Ulshoeffer had no way of knowing that seven years later his father-in-law would find the long lost head - sitting atop another oil company, this one in Chicopee. Ulshoeffer reclaimed the head from the owner of the company, 'a landlord who had happened to. rent an apartment to the vandals, who left the tin head behind when they moved out.
At first, Ulshoeffer thought "How do I get the body back without telling Richard that I got the head?"
Meanwhile, Richardson had already packed up his headless tin man and sent him down the mountain for repairs at Smith Vocational High School in Northampton. For a year, it was the pet project in the high school metal shop.' Teacher John Lind recalled the craftsmanship that had gone into making the tin man.
It was beyond any skill that a tinsmith might have to use in normal work, he said. It was more like a sculpture, a piece of' art, in the way its curves resembled the human form.
Ulshoeffer decided that in· the interest of keeping the tinman whole, he would' turn over the head to Richardson. With the tin man's real head returned, he was moved back to Goshen to guard another craftsman's shop.
The cars still stop at the sight of the tin man who stands in front of the Good Time Stove Company on Route 112. For Richardson,' who has devoted the last. 17 of his 42 years to restoring the spirit of warmth to old wood stoves, the tin man also has a spirit. He sees him as the incarnation of his father whom he hasn't seen since he was 3 years old. In the only picture he has, his father wears a cowboy hat like the tin man’s. Richardson has expressed the desire in his will that the tin man be left to a museum. He has already contacted the Shelburne Museum in Shelburne, VT.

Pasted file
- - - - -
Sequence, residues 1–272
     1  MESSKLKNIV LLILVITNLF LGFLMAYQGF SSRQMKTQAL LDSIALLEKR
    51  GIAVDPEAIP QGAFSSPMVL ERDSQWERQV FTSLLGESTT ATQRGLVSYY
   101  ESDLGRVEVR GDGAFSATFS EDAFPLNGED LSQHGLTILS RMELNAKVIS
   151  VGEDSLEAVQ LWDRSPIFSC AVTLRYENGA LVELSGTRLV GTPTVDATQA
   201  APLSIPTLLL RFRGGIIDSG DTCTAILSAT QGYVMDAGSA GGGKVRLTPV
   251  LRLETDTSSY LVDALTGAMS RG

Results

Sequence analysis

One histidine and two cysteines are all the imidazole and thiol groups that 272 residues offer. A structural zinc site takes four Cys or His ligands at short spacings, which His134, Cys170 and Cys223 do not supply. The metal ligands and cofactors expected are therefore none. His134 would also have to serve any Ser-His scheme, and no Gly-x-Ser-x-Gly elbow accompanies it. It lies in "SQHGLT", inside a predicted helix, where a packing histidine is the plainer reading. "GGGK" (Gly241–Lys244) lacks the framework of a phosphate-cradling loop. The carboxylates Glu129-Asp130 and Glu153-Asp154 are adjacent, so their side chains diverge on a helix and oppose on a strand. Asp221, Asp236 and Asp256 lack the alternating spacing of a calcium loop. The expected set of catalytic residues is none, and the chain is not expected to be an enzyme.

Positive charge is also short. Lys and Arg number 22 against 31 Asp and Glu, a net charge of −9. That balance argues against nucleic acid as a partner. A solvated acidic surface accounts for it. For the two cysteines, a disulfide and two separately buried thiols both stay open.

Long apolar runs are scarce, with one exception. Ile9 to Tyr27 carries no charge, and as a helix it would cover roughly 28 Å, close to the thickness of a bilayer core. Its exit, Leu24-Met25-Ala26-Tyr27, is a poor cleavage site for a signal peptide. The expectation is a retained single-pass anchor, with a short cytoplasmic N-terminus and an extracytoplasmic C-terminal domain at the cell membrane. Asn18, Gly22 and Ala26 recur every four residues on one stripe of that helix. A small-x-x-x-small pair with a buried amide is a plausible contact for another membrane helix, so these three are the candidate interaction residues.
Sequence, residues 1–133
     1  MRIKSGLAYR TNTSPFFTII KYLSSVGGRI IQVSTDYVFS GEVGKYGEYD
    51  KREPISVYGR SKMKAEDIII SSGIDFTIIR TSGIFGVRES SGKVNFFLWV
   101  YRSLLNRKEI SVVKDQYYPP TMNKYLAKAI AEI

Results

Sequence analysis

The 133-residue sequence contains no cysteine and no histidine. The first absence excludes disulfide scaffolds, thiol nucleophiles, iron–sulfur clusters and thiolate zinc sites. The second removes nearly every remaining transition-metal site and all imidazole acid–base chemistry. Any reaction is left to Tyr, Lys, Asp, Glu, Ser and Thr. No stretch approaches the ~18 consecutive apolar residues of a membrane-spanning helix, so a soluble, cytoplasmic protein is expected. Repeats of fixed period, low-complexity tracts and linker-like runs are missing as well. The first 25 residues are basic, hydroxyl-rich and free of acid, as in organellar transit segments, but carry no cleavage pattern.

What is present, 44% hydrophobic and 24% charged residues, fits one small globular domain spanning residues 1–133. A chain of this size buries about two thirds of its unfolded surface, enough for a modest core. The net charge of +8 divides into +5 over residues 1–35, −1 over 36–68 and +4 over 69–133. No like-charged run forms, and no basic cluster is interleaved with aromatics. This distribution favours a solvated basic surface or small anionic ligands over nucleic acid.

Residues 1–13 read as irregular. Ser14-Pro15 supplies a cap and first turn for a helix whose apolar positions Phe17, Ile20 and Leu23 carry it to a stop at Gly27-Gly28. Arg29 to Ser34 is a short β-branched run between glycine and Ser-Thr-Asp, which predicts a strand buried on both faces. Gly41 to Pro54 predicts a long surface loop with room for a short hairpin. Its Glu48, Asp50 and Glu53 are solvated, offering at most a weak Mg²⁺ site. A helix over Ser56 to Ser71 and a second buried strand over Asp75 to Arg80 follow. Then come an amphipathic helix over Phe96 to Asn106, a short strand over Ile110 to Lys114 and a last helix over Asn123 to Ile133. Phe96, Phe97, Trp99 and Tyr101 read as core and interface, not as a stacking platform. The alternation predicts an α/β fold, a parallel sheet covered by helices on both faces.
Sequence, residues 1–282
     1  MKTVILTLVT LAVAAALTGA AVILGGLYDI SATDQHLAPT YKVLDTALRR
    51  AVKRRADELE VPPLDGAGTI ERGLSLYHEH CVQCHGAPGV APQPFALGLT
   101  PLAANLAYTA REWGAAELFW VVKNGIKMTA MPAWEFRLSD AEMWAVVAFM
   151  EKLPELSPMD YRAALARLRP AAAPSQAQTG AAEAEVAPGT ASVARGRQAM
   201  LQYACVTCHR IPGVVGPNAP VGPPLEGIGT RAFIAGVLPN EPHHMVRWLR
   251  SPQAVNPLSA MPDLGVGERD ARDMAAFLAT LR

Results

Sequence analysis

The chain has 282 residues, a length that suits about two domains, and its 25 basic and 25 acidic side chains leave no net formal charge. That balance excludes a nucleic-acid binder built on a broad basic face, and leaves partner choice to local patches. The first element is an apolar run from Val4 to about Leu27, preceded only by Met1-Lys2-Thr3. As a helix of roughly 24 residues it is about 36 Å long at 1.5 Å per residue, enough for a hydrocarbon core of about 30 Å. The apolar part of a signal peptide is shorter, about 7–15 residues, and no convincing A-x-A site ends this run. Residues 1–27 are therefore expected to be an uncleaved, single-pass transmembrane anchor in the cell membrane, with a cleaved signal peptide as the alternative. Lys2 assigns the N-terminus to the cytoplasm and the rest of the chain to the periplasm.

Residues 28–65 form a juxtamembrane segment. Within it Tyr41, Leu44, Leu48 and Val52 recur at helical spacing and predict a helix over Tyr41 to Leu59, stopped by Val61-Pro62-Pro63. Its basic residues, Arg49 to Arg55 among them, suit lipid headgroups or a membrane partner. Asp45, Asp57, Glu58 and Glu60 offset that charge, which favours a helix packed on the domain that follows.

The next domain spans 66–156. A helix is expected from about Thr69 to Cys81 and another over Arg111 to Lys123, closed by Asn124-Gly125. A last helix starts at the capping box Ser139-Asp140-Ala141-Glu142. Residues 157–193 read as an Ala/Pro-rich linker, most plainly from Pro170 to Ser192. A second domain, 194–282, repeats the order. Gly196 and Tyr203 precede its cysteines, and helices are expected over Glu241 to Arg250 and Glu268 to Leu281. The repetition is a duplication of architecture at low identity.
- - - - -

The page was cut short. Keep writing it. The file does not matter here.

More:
It seems the tin man has a good shot at immortality. Since he is actually aluminum, there's no danger of his rusting away. And through the worst of it, this sculpture has managed to persevere, charming people into the role of caretakers and staying' clear of the scrap metal heap.
Just last summer, Richardson got a letter from an elderly woman in Connecticut who had returned to the area for a family reunion in Ashfield. Carol Chambers of Hartford remembered him as the "metal man."
In something resembling a memoir of the metal man, she wrote to Richardson: "The metal man had always been a point of reference as we traveled as kids, packed into my father's small car - 8 of us - from Manchester, Connecticut to 'our' camp, an old sugar house in Spruce Corner in Ashfield. 'There's the metal man,' someone would yell as soon as it was in sight, and we'd all gawk in awed silence as we passed the tin giant, always kindly and smiling, as we passed Haydenville. "As young adults with our own children, we later sighed sadly as we passed the business in Haydenville where he had always stood but was no more. 'Remember the metal man?,' we'd say to our siblings when we took the infrequent trips to Ashfield. (Our kids let all this go over their heads, as the metal man was gone when they came on the scene.)
"But we lament no longer for the metal man is back, and as stately and smiling as before."
"It was quite early in the morning this summer when we snuck out of our car and, posed in front of our hero for another picture with the metal man - this time the kids posing were 'big kids.' We piled back into the car, giggling, hoping the people in the adjoining house had not been awakened."
Tin Man gazette, 2
1960 - Rooftop Tin Man
THE TIN MAN, damaged by vandals a few weeks ago, is back in one piece again atop the Hampshire Engineering building .on Route 9. With new arms and kneecaps, the Tin Man will now brave the elements from a lofty perch, strapped to the building by metal wires. He previously stood on the ground.